5. Apart from what has been stated above, it has to be understood that the very acquisition has been admitted by the petitioner. The award is given and the compensation has been accepted. It is not required of me in this case to consider the plea as to whether the requirement as to the period when a declaration can be made within the meaning of Sub-section (2) of Section 5 of the Ordinance of 1967 is a mandatory requirement of law. This is so, because of the interpretation accepted by me of the expression 'made' used in Sub-section (2) of Section 5 and also because of the petitioner having agreed for the acquisition itself by accepting the award and receiving payment thereunder. Moreover under Sub-section (3) of Section 5 of the Ordinance of 1967, the respondents are willing to pay interest to the petitioner. According to the learned Advocate-General, this provision as to payment of interest, is indicative of the fact that the provision as to the period within which the declaration can be made under Sub-section (2) of Section 5 is not mandatory. At any rate, the respondents are willing to pay interest and the petitioner is prepared to apply for payment of such interest.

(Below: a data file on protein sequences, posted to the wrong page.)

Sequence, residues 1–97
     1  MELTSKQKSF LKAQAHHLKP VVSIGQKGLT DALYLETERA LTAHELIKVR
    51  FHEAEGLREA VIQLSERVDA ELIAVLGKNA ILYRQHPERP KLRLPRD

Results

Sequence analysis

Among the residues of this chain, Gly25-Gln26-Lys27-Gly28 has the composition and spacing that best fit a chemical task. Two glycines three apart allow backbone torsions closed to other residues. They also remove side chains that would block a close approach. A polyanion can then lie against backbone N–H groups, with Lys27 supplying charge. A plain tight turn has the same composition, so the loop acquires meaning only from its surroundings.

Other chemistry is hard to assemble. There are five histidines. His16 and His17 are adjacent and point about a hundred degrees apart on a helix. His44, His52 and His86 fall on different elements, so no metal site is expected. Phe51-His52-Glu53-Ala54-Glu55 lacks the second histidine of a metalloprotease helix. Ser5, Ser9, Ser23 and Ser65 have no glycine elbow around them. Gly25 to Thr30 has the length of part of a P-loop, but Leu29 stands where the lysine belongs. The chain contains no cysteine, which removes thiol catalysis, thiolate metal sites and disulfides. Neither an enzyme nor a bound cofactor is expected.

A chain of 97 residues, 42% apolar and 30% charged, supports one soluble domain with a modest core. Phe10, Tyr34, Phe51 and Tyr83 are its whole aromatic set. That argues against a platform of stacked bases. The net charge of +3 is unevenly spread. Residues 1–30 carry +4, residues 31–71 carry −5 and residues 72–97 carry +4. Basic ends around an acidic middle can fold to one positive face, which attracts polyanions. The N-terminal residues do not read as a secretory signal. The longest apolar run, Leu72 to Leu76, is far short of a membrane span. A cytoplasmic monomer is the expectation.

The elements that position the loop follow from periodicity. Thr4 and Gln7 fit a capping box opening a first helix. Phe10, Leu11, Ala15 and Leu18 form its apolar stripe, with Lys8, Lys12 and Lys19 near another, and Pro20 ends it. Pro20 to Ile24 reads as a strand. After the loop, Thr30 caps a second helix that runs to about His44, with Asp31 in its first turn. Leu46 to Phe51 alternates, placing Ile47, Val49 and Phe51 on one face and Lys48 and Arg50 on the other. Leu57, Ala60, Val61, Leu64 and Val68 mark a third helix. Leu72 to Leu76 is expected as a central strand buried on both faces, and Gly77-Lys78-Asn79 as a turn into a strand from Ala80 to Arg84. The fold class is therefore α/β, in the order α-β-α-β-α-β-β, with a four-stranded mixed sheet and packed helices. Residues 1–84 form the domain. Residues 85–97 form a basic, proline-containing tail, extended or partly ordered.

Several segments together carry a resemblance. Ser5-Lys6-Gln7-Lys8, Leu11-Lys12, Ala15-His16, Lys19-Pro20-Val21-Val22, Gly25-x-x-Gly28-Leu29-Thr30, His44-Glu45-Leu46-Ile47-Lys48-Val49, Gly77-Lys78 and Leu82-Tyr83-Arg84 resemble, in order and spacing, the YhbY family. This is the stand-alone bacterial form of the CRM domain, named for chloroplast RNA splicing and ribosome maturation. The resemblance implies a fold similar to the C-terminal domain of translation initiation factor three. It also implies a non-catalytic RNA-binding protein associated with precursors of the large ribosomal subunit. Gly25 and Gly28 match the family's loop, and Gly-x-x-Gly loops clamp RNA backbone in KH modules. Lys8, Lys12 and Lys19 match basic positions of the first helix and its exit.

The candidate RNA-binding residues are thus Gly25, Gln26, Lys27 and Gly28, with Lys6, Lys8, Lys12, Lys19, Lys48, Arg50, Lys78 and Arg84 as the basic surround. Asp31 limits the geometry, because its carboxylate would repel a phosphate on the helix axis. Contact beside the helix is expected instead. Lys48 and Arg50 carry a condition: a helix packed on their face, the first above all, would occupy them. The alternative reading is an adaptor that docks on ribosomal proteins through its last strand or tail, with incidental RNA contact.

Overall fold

6. The relief under a writ petition is always discretionary and as at present advised, I consider that no relief should be granted to the petitioner inasmuch as he has already accepted the award and has also received the payment under it.
7. In this view of the matter, I do not find sufficient grounds to quash the impugned declaration under Section 6 of the Act. The petitioner cannot be granted any other relief. The petition is, therefore, dismissed. In the special circumstances no order is made as to costs.